Free of ventilators, a young boy receives the breath of a new life, through new lungs.

The province’s youngest lung-transplant recipient was discharged from the Stollery Children’s Hospital on Thursday.

Eight-year-old Tahir Asif was on a list for a donor for six months before he successfully received new lungs during the transplant on April 21.

“After the surgery he spent seven days in the intensive care unit,” said Dr. Jackson Wong, clinical lead of the pediatric lung transplant program at the Stollery Children’s Hospital, and Tahir’s physician. “And we were able to remove his breathing tubes by day four, and then a few weeks down the road he was already eating, drinking, and even running around, so really great progress.”

Tahir was born with cystic fibrosis, a genetic disease that causes mucus to build up and clog organs, predominantly the lungs, making it tough to breathe, and without the transplant, he was not expected to live past the summer.

“It is emotional,” said Dr. John Mullen, surgical director of thoracic transplantation at the University of Alberta Hospital, who performed the surgery. “Here is a child that was stuck on a ventilator and Jackson was worried sick because we knew there wasn’t much time left, and we weren’t sure if we were going to get a set of lungs for him, so we were very fortunate.”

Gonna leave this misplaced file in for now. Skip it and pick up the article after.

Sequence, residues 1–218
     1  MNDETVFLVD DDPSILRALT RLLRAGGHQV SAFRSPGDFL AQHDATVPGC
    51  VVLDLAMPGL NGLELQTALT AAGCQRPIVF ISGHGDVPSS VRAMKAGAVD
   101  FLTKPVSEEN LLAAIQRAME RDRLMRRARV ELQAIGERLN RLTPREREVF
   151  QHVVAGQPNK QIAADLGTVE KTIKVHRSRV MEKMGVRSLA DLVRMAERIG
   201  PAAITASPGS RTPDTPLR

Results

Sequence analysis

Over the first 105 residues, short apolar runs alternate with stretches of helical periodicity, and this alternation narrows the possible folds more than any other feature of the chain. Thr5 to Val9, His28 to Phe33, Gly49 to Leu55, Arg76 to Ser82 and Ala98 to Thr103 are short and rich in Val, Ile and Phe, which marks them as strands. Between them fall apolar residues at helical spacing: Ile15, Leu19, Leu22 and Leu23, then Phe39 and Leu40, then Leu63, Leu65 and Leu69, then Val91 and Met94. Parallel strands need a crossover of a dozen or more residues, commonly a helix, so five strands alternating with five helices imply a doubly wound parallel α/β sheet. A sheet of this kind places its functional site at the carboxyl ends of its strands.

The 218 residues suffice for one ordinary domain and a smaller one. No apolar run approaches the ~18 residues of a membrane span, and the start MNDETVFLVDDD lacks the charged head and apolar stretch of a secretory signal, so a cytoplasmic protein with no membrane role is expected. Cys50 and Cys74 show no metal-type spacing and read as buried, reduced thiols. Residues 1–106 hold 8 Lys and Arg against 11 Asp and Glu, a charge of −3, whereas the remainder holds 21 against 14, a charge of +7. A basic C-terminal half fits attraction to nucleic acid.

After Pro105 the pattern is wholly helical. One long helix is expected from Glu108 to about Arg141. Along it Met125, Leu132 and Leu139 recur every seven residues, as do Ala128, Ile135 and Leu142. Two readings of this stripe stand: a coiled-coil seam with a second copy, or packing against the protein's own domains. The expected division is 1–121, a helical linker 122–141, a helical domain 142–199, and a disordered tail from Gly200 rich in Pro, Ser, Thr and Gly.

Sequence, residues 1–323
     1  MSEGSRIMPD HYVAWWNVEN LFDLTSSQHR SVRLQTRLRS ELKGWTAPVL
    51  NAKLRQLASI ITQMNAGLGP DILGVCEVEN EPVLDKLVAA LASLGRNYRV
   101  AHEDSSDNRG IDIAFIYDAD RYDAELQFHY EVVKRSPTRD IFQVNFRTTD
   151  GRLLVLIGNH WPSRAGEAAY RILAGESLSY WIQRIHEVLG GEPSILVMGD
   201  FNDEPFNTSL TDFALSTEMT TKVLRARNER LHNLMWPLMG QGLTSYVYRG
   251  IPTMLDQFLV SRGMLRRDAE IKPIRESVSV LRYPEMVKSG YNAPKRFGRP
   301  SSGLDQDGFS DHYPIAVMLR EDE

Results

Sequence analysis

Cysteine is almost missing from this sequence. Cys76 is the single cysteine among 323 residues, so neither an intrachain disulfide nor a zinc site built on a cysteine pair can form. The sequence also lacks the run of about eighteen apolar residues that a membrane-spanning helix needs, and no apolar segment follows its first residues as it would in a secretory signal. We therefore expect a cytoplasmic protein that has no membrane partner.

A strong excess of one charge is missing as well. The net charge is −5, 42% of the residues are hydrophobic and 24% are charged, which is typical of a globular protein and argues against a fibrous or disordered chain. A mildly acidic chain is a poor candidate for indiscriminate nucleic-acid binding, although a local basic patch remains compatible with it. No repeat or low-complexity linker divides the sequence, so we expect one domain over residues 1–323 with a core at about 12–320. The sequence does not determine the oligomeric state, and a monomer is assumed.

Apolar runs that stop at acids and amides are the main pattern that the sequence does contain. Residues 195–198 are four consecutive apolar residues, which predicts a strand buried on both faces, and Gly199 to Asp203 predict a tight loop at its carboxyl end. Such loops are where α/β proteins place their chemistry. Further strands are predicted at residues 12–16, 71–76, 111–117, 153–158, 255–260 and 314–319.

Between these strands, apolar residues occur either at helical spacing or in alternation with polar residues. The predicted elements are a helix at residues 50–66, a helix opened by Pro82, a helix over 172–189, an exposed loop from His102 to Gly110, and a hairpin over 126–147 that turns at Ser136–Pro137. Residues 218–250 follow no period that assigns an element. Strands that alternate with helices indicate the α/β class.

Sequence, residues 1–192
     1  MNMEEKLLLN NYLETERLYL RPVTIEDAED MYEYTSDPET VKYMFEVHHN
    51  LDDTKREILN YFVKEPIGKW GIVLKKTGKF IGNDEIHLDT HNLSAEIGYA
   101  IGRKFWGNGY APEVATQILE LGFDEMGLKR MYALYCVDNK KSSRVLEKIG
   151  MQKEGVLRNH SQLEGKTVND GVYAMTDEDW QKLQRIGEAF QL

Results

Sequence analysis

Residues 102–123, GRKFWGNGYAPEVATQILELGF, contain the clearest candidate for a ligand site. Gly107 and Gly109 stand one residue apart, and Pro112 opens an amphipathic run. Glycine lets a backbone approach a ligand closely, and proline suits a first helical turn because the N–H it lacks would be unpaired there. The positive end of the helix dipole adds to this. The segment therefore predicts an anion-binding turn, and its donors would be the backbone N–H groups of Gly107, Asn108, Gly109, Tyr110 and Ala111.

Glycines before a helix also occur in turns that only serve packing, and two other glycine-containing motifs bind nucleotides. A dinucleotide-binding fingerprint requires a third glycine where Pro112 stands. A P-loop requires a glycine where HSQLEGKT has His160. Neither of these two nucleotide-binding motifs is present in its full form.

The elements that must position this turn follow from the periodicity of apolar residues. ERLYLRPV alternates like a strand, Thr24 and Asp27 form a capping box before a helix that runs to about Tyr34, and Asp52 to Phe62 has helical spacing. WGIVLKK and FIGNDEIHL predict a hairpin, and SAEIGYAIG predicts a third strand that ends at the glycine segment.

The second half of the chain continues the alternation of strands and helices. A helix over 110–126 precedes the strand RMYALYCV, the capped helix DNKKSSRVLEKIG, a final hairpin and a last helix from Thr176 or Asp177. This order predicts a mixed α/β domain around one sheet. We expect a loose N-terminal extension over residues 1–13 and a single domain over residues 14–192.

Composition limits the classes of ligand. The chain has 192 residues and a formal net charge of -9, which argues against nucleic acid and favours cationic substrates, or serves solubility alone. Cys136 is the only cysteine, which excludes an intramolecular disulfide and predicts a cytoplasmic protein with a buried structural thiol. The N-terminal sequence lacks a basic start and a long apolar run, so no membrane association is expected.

According to Dr. Mullen, the only major challenge when doing a lung transplant in a small child is accommodating for the child to continue growing.

The transplant has not cured the disease but will allow him to feel like a normal little boy again.

“I can go home and play with my brother and sister.” Tahir said. “I’m gonna go swimming and biking.”

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